Infections in the central nervous system are rare thanks to our brain's unique defence system that prevents viruses from invading, finds a study.
The research explains a long-standing mystery.
The olfactory mucosa in the nose can serve as a conduit for a number of viruses to enter the brain including rabies, polio and influenza viruses.
Yet infections in the central nervous system rarely occur.
The mechanism responsible for protecting the brain from viruses that successfully invade the olfactory bulb (OB), the first site of infection in nasal mucosa, remains elusive.
"Our work points to the remarkable ability of the immune system, even within the brain, to protect us against opportunistic viruses," says Anthony van den Pol of Yale University.
Van den Pol and his colleagues discovered that in response to viral infection, cells in the olfactory bulb release long-distance signalling molecules that tell cells in uninfected parts of the brain to produce anti-viral interferon - a first line of defence against invading viruses.
In the study, normal mice wiped out the infection while mice lacking receptors for the initial signalling molecules succumbed as the viruses spread throughout the brain, proving the critical role of these molecules.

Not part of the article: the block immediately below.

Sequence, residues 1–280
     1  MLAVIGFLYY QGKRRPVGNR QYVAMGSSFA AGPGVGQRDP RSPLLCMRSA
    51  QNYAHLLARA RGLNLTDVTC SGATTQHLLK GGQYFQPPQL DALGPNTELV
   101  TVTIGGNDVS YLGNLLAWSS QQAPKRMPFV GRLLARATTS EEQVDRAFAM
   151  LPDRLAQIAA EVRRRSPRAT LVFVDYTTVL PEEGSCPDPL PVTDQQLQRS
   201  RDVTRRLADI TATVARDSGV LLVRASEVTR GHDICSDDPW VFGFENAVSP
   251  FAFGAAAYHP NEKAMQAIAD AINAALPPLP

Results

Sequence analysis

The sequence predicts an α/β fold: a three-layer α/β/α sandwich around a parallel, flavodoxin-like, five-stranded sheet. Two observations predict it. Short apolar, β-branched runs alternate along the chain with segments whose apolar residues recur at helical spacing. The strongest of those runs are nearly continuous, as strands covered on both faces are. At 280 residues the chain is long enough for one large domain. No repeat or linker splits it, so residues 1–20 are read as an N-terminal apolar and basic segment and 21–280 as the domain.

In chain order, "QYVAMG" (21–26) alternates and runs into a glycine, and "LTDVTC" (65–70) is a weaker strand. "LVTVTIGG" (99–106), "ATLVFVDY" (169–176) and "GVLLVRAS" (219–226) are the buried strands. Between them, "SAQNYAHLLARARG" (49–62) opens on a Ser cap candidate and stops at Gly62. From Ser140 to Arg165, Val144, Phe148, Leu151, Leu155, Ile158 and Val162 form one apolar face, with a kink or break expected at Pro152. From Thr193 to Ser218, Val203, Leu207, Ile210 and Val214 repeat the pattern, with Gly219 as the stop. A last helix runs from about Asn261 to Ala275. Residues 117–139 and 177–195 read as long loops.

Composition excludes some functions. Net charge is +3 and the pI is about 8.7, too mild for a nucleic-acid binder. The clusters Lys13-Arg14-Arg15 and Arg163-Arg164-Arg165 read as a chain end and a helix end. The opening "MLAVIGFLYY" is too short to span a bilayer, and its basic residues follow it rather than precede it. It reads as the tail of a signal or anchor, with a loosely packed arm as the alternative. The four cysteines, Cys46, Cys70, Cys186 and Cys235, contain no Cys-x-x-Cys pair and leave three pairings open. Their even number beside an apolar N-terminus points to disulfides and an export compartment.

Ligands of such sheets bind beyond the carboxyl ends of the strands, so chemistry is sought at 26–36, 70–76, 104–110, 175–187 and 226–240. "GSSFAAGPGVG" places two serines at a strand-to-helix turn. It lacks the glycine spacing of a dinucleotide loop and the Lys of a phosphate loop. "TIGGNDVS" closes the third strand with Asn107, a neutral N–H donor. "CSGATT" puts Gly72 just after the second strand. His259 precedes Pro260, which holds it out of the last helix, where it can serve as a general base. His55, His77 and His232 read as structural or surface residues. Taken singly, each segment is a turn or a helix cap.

These signalling molecules are different than regular neurotransmitters.
Van den Pol noted that during neuronal signalling, neurotransmitters released by one cell travel across a mere 20 nanometers of synapse to the next nerve cell.
Yet, the long-distance signalling molecules diffuse up to 15 millimetres.
That distance is almost a million times greater than the distance across a synapse.
"The success of the immune system in blocking two unrelated viruses, vesicular stomatitis virus and cytomegalo virus, suggests that our results may generalise to many other viruses that can enter the brain through the olfactory nerve," said van den Pol.
The research is published online ahead of print in Journal of Virology.
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